Results: I conducted both the stovetop, covered and stovetop, uncovered trials simultaneously, and was flummoxed by the subtle differences in the final products, insofar as one can be flummoxed hours into a chickpea cooking marathon. The covered batch somehow ended up less salty than the uncovered batch, but with skins that were much easier to remove. Texturally, the covered chickpeas were a hair silkier, whereas the uncovered ones were starchier, like tiny mashed potatoes.

Pressure Cooker, Soaked

Method:

1. Soak 1/2 cup of dried chickpeas for 12 hours.
2. Drain, rinse, and add to a pressure cooker. Cover with 2 cups of water and add 1/2 teaspoon salt.
3. Cook on high pressure for 14 minutes.

Results: This is the same exact trial as the additive-free overnight-soaked chickpeas, with the same results: slightly firmer, but still soft enough, chickpeas that were more oatmeal in tone than some of the other specimens, and a little less salty.

Pressure Cooker, Unsoaked

Method:

1. In a pressure cooker, combine 1/2 cup of dried chickpeas with 3 cups of water and 1/2 teaspoon of salt.
2. Cook on high pressure for 45 minutes.

Results: This batch produced inconsistently cooked chickpeas, some soft with their skins already slipping off like a too-loose party dress, and others still tough in the center, nothing at all like a bean at a party. The salt seemed to permeate these chickpeas less than in other batches, as if it took all of their energy to simply hydrate.

Slow Cooker

Method:

1. Soak 1/2 cup of dried chickpeas for 12 hours.
2. Drain, rinse, and add the chickpeas to a slow cooker. Cover with 2 cups of water and add 1/2 teaspoon of salt.
3. Cook on high for 4 hours.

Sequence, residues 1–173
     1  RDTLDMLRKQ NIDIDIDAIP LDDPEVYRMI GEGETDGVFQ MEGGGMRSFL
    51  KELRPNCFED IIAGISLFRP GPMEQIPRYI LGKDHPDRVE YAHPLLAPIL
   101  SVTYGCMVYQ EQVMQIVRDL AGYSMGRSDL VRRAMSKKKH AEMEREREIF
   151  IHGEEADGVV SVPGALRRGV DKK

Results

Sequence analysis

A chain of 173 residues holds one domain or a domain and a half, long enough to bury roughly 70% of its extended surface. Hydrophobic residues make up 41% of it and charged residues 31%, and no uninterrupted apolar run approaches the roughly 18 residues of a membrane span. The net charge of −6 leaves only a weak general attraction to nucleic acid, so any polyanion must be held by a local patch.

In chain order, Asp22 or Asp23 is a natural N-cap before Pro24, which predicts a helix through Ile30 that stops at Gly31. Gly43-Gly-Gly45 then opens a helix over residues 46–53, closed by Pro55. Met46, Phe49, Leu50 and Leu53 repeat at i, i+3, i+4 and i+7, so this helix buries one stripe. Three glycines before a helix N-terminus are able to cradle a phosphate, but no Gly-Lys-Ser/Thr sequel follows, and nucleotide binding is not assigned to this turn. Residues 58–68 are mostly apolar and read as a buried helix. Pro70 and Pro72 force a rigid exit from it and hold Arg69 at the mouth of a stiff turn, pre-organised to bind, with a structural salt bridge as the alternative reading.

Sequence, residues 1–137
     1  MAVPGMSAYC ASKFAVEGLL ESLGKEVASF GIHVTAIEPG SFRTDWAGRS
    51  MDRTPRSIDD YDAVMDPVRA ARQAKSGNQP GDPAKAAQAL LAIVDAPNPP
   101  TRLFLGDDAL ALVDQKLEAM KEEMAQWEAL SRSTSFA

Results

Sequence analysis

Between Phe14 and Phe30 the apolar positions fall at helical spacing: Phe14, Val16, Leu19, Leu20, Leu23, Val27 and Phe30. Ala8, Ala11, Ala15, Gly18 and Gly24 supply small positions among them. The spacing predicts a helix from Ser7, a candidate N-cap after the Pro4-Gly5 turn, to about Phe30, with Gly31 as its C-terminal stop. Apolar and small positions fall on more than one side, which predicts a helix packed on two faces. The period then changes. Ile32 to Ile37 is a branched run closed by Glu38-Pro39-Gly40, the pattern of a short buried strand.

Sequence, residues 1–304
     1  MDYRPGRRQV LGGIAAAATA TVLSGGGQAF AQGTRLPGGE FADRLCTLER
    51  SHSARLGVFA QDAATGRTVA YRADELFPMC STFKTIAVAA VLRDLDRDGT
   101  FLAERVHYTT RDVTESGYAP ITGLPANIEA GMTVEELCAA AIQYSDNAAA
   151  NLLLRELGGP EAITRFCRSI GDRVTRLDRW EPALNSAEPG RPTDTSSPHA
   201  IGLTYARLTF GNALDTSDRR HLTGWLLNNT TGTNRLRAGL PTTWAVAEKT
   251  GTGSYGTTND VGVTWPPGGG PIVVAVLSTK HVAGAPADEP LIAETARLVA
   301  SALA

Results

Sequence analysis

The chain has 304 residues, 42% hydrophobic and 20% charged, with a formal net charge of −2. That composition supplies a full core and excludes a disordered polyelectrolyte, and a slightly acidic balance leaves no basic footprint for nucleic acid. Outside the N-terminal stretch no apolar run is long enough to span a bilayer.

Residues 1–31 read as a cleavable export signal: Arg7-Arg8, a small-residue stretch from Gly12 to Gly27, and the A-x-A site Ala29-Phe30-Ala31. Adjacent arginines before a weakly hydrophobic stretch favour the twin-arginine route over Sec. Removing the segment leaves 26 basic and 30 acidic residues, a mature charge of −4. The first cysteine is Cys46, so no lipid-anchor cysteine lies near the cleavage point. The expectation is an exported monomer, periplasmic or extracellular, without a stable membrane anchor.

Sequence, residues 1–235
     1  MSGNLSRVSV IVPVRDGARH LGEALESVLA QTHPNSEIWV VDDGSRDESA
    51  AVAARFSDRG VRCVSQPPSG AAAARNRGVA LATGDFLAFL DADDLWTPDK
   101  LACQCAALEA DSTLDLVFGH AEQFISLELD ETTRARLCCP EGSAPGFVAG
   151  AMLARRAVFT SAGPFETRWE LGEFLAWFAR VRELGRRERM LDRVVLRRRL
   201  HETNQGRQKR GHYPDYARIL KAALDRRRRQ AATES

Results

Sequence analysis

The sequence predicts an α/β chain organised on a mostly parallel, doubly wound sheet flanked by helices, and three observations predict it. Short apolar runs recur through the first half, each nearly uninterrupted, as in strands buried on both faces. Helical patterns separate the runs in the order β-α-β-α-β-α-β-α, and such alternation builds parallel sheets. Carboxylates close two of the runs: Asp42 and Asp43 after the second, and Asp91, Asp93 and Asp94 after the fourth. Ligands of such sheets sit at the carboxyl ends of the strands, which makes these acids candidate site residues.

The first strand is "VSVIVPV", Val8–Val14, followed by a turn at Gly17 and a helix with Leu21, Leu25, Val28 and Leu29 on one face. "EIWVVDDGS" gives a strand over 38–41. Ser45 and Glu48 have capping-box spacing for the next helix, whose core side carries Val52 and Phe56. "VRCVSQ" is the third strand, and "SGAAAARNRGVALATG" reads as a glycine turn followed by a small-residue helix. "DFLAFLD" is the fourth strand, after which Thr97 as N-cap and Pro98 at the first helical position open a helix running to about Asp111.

Results: While I wouldn’t describe this method as efficient, the resulting garbanzos were pleasantly smashable, somewhere between the two stovetop batches in texture. Like the overnight-soaked chickpeas cooked in the Instant Pot, they were paler and less yellow in tone, with skins that couldn’t wait to pop right off.

So, What’s The Best Way?

There are several excellent ways to cook chickpeas, from stovetop to Instant Pot—just don’t skimp on the soaking. (Or, if you do, be prepared to make up for it with extra cooking time, and a more taxing skin-removal process, if skinless chickpeas are your thing.)

If you’re all about seasoning permeation, consider salting your soaking liquid. Or, if you forget to brine, try the stovetop, uncovered method.

For the most efficient cook method, toss your soaked chickpeas into a pressure cooker. (If you like them especially soft, scale up from 14 minutes, to 15 to 16 minutes at high pressure.)

If you have lots of time at your disposal and you’re looking for a starchier texture, use the stovetop, uncovered method; for a silkier legume, go with the stovetop, covered method.

If you prefer a low nuisance, all-afternoon simmer, break out your slow cooker.